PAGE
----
Are you children getting enough sleep? CDC has some new statistics


The Centers for Disease Control and Prevention analyzed data from the 2015 national and state Youth Risk Behavior Surveys and looked at how much sleep students were getting.

What they found:

  • 57.8 percent of middle-schoolers are not getting enough sleep on school nights
  • 72.7 percent of high-schoolers are not getting enough sleep on school nights

Why is sleep important? The CDC points to the increased risk of these diseases:

  • obesity
  • diabetes
  • injuries
  • mental health
  • attention and behavior

How much sleep to kids need? The American Academy of Sleep Medicine offers this guideline:

  • Infants 4 months to 12 months old: 12 to 16 hours (including naps)
  • Children 1 to 2 years old: 11 to 14 hours (including naps)
  • Children 3 to 5 years old: 10 to 13 hours (including naps)
  • Children 6 to 12 years old: 9 to 12 hours
  • Teens 13 to 18 years old: 8 to 10 hours
  • Adults: 7 hours or more

The academy also has a really cool sleep calculator. You put in your age and the time you get up and it tells you when you have to go to sleep. It told me I need to go to sleep before 10 (and then I laughed). My 14-year-old needs to go to bed between 8 p.m. and 10 p.m., my 17-year-old needs to be asleep between 7:30 p.m. and 9:30 p.m. And my poor husband should be asleep by 9 p.m.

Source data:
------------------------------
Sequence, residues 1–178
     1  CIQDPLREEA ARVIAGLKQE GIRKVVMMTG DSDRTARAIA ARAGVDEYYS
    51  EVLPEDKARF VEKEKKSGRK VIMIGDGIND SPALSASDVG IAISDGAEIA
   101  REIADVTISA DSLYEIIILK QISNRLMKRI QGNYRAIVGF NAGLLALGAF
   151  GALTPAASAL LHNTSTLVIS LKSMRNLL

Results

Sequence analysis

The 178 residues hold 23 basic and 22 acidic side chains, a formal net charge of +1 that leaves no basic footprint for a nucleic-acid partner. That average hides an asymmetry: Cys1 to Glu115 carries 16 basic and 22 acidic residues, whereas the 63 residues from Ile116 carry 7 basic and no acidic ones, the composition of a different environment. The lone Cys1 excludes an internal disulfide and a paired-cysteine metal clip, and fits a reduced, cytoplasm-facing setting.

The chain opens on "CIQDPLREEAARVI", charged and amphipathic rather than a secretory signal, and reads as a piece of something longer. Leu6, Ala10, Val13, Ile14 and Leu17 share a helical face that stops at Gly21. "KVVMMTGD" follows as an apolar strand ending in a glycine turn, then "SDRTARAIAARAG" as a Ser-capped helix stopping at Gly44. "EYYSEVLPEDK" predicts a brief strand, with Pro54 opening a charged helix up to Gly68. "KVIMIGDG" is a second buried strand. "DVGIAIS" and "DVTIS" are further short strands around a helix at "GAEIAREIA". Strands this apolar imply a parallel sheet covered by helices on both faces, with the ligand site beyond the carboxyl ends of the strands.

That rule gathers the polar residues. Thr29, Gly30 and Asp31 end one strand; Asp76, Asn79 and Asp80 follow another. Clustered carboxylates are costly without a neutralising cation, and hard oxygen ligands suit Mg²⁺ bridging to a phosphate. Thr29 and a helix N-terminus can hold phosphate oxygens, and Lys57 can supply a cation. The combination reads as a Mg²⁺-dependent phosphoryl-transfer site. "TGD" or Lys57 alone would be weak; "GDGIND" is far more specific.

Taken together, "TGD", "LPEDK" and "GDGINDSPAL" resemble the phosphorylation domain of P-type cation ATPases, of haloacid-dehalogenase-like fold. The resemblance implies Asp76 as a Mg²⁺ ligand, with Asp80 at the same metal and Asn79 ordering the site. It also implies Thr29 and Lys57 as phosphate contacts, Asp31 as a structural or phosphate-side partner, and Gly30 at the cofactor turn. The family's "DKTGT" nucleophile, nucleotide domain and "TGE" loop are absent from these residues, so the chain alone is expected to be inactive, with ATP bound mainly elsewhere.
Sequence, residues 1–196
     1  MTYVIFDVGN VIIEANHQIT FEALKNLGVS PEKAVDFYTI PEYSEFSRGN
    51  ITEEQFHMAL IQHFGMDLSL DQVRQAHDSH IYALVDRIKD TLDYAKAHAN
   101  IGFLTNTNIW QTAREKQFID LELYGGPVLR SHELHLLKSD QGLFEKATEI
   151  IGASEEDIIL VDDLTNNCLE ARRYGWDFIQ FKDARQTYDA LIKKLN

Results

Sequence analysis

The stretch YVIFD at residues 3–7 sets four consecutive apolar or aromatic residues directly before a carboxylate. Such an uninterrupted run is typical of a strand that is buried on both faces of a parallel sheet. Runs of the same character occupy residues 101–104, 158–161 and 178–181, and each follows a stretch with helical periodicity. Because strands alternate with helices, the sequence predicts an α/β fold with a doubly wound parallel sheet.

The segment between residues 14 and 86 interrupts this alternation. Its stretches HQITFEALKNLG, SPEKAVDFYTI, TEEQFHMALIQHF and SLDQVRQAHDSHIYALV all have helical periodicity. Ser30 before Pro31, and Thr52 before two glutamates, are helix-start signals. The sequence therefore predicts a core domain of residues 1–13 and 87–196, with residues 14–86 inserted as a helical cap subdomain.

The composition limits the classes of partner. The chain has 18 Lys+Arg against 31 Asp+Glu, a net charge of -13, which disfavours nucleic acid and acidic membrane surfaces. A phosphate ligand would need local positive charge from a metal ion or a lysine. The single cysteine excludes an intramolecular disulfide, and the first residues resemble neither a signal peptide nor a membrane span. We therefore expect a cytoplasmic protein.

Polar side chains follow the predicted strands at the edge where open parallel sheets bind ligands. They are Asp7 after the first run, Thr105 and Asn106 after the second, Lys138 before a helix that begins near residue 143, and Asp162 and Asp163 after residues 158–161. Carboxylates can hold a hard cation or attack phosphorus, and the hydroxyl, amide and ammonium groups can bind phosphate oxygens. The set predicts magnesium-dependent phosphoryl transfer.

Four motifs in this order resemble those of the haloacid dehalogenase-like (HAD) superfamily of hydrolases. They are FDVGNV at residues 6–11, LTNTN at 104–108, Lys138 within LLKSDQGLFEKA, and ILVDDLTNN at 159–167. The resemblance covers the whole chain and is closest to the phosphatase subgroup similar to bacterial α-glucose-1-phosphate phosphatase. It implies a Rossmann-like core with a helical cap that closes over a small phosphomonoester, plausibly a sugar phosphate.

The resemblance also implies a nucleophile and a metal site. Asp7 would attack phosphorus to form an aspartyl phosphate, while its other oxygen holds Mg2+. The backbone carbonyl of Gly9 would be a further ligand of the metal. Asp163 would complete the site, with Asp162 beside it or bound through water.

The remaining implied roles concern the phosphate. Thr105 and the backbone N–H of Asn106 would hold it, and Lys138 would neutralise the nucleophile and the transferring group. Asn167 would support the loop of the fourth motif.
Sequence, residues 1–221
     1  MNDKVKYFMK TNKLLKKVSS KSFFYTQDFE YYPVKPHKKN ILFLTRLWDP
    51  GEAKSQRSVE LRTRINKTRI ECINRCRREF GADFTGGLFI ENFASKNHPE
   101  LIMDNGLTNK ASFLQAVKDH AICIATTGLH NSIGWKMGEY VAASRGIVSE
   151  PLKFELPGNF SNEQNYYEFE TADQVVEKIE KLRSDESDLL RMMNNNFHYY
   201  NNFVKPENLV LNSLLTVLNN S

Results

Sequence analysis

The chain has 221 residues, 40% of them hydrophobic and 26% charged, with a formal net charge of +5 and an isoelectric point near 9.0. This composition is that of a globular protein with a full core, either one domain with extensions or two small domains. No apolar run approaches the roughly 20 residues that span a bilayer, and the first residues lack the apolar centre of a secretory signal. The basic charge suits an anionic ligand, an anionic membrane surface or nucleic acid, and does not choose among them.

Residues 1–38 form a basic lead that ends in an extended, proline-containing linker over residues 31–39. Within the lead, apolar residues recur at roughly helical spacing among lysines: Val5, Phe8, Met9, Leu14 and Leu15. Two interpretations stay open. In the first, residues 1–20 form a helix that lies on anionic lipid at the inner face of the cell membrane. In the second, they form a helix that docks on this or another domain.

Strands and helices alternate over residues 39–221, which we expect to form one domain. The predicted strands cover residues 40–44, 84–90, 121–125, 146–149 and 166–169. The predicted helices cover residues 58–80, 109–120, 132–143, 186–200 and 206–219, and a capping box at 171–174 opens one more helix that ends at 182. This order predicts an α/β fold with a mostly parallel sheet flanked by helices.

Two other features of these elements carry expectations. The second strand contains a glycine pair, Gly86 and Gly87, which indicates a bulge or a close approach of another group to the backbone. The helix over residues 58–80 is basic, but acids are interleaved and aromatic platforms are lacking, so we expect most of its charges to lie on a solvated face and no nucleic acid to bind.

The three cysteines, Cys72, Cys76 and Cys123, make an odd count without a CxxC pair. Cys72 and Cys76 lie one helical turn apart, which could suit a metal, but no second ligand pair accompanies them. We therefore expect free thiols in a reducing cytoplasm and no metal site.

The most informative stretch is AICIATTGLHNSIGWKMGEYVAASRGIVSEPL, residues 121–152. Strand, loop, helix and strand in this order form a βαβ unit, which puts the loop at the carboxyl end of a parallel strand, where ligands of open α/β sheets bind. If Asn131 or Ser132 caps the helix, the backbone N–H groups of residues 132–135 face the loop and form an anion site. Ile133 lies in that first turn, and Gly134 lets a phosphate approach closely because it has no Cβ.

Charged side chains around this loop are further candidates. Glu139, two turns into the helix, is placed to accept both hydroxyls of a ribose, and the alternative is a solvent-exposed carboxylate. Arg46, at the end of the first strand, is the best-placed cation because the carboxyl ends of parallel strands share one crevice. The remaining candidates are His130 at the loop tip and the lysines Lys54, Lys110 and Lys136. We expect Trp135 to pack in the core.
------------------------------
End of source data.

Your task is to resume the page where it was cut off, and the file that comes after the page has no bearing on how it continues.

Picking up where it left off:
The CDC recommends these sleep tips:

  • Be consistent. Go to bed at the same time each night and get up at the same time each morning, including on the weekends
  • Make sure your bedroom is quiet, dark, relaxing, and at a comfortable temperature
  • Remove electronic devices, such as TVs, computers, and smart phones, from the bedroom
  • Avoid large meals, caffeine, and alcohol before bedtime
  • Get some exercise. Being physically active during the day can help you fall asleep more easily at night.



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